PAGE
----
Rare plant conservation involves a great deal of preliminary work. Prior to introducing a new population in the wild, for example, it can take months to study the habitat requirements, seed biology, and basic lifecycle and demographics of an unfamiliar species, before knowing how best to propagate and transplant plants. Embarking on seed collection for ex situ preservation requires first learning the reproductive versus the overall size of the population, and assessing the percentage of seeds that can be safely collected from any one plant, as well as the population as a whole, without negatively impacting population resiliency and demographics. The seasonal changes of a species, especially the timing of seed ripening and seed drop, and whether these vary for the different populations across its range, also need to be known.
The Rare Plant Conservation Program recently initiated preliminary work for the collection of seeds and leaves of Florida jointweed, Polygonella basiramia, under a new partnership with Atlanta Botanical Garden and the Southeastern Plant Conservation Alliance. Florida jointweed is a state endangered species that is found only in sand pine scrub at higher elevations of Polk and Highlands Counties. It is a perennial, slender herb with tiny leaves and grows up to 32 inches tall. Slender flower spikes with white petals emerge from near the tops of the stems in late summer and into the fall.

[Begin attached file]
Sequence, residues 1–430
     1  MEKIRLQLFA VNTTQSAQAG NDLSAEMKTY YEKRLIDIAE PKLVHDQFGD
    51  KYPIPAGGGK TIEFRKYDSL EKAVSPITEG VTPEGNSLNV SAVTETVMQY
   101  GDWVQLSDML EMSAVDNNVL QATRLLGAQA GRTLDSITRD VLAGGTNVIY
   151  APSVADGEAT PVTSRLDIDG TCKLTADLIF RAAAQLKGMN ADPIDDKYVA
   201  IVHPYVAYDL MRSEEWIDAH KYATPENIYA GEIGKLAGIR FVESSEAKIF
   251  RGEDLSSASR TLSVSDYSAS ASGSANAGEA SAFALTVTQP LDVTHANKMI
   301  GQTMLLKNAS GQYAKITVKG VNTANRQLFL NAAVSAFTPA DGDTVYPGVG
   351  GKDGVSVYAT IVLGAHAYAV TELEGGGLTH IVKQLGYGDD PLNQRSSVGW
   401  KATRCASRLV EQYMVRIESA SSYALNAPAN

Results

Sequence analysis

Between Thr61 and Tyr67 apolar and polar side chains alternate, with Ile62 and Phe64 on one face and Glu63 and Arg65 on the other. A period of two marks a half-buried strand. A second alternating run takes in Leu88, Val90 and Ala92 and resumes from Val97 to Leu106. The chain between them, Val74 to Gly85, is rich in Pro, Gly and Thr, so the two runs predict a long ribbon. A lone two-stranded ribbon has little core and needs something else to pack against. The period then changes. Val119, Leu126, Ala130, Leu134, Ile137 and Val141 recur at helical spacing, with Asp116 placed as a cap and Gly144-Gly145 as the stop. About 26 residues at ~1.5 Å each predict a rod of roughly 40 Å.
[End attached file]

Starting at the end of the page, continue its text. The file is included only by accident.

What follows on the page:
Historical population records were reviewed, target populations were identified, land managers were contacted, and permits were secured. Regional biologists and publications were consulted for information about the species, which indicated an optimum timeframe for seed collection to be January. However, general seed ripening times are only an approximation. The timing of both flowering and fruiting can vary from year to year. Although the timing of flowering and subsequent seed production is typically cued by photoperiod, weather can also play a strong role in both the onset of flowering and the timing of seed maturation for many species.
In mid-December, the Rare Plant Conservation Program visited a Florida jointweed population in Lakeland in order to track the timing of seed production for 2023. Surprisingly, the stems were bare, with the seeds having already ripened and dropped from the plants. But, due to the preplanning done in 2023, a broader window for seed collection is now established, and the project is ready to be seamlessly accomplished in 2024.
Article written by Cheryl Peterson, Conservation Program Manager. Photos by Chico Rivera, Rare Plant Specialist